I also seem to recall seeing an article mentioning how sports organizations such as the NFL and perhaps USATF are now offering classes to athletes about how to use social networks, in the same vein as offering young NFL players classes on financial management. Some things they are taught include:
- When posting a photo or video in a public place, wait at least a day and only post when you are no longer at that location.
- Do not post photos/videos from any location you frequent.
- Do not post photos/videos showing where you live.
- Do not post anything showing your phone number (some athletes made this mistake when it was popular to post photos of text message exchanges with other athletes and famous people), documents showing personal information, etc.
- How to be careful about who is in your social network. If you have a connection who ends up posting a photo with you outside your home with the caption "Here I am with my bestie neighbor outside our apartment building", a big piece of your privacy just went out the window.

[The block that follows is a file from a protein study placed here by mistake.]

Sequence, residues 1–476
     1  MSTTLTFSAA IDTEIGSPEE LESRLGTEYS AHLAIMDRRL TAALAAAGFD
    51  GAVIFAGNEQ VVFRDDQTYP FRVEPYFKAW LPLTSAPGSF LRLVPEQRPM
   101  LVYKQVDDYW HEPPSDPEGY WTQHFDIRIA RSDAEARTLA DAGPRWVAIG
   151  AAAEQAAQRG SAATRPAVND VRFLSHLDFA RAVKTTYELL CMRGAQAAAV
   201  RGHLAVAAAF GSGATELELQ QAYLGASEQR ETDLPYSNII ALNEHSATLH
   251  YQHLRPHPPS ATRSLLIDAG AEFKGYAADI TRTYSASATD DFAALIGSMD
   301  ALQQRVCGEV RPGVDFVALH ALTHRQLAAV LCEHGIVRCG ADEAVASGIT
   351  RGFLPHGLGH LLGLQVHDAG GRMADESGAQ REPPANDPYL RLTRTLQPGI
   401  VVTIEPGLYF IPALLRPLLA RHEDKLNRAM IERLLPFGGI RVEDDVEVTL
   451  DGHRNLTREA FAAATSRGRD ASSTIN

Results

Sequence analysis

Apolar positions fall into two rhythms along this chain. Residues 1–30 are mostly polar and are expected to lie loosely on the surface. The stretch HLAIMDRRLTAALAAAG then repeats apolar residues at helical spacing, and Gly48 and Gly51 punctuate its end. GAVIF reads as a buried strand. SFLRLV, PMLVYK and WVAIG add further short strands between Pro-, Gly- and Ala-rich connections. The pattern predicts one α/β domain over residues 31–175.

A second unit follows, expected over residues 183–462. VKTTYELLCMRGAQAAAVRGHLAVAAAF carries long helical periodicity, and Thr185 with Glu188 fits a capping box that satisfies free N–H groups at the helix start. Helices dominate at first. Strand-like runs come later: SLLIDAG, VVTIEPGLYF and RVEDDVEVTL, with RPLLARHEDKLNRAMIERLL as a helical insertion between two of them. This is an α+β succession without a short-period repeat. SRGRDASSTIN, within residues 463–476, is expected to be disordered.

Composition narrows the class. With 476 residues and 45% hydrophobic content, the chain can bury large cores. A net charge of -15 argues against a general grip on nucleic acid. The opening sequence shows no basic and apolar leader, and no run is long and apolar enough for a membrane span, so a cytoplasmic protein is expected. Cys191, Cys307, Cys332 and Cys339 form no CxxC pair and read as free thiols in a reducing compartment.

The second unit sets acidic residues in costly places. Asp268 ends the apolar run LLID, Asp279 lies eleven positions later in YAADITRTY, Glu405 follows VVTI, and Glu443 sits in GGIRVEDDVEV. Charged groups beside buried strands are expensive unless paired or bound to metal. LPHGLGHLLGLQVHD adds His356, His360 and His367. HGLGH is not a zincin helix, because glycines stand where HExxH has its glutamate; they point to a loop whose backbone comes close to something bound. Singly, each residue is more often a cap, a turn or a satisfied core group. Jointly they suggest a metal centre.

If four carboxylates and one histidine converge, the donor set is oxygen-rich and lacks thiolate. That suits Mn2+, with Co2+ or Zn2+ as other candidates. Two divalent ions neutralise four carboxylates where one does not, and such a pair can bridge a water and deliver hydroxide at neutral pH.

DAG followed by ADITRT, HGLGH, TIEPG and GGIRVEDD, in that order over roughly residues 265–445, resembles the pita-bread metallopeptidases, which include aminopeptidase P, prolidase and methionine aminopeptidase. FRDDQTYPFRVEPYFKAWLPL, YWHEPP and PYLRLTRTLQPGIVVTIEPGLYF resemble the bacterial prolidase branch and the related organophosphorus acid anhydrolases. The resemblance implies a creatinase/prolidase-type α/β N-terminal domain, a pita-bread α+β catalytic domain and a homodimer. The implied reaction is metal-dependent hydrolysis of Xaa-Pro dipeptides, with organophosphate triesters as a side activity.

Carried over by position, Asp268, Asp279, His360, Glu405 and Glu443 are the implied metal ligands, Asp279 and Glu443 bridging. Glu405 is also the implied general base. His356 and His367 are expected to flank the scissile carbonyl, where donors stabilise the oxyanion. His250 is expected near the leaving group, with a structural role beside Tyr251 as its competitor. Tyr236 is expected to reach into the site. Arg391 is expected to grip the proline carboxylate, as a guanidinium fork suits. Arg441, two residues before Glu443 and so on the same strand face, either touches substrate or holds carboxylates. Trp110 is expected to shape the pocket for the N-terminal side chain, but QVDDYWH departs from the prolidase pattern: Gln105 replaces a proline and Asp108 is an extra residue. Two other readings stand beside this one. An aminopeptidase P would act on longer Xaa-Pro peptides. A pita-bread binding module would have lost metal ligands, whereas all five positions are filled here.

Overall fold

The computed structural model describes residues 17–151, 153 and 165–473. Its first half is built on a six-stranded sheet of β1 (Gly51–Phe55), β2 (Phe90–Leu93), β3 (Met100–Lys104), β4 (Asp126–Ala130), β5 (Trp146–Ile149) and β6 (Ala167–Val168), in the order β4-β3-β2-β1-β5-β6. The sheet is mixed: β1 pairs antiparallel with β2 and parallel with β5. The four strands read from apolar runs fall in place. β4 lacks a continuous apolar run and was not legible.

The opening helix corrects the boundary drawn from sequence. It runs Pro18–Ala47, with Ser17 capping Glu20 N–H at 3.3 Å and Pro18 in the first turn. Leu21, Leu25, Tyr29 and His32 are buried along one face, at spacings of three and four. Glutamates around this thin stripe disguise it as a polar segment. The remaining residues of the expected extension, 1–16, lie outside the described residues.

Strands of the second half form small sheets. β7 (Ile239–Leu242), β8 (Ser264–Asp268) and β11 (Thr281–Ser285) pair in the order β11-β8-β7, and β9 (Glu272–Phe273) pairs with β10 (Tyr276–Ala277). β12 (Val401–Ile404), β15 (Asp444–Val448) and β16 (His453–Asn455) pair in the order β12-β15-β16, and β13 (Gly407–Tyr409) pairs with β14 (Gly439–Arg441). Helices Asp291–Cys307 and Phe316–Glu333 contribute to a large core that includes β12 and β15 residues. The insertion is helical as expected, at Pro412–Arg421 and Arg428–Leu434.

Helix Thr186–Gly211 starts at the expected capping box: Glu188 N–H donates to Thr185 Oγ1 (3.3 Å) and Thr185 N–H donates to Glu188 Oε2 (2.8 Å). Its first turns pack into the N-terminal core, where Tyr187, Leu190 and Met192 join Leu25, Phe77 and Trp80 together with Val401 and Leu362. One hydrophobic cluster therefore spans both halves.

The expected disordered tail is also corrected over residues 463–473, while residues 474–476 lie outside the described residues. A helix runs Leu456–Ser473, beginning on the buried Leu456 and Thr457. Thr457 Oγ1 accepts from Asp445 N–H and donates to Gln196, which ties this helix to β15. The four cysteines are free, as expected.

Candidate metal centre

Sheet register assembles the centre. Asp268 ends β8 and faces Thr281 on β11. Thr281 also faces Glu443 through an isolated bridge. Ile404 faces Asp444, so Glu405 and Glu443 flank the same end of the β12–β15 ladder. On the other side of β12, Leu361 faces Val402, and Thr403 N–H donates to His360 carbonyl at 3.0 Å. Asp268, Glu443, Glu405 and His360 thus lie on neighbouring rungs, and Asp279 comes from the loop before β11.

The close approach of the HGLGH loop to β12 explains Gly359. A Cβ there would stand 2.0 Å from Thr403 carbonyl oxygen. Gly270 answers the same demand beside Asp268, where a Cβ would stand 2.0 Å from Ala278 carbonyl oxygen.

- How to deal with rude or aggressive comments. When should you block someone vs when you should just ignore them, etc.
- How to remain politically neutral.
- How to use each particular social network. Exactly what features are available. How to enable/disable things like DM, etc. Each social network works differently, has different features to support privacy.
- Other things affecting privacy, including what information you give the social network provider itself to create the account.
- Etc, etc, etc. The above likely doesn't cover everything.
You get the idea. Social network use can reveal too much information which can be used by bad actors. Even when following all the above guidelines, strangers can still piece together all the posts to learn an astonishing amount. NFL teams do this when they evaluate draft prospects. Watch the movie "Draft Day" with Kevin Costner, there is a scene where the scouting department is looking at the social network account of the quarterback the team owner wants to draft. If you haven't seen that movie it is quite good. And this is a real thing not just made up for that movie. Teams employ psychologists in those evaluations. When a team is about to offer a college kid a contract for many millions of dollars they want to know everything they can about him.
Perhaps this post will be of use to some of the young athletes who may browse here.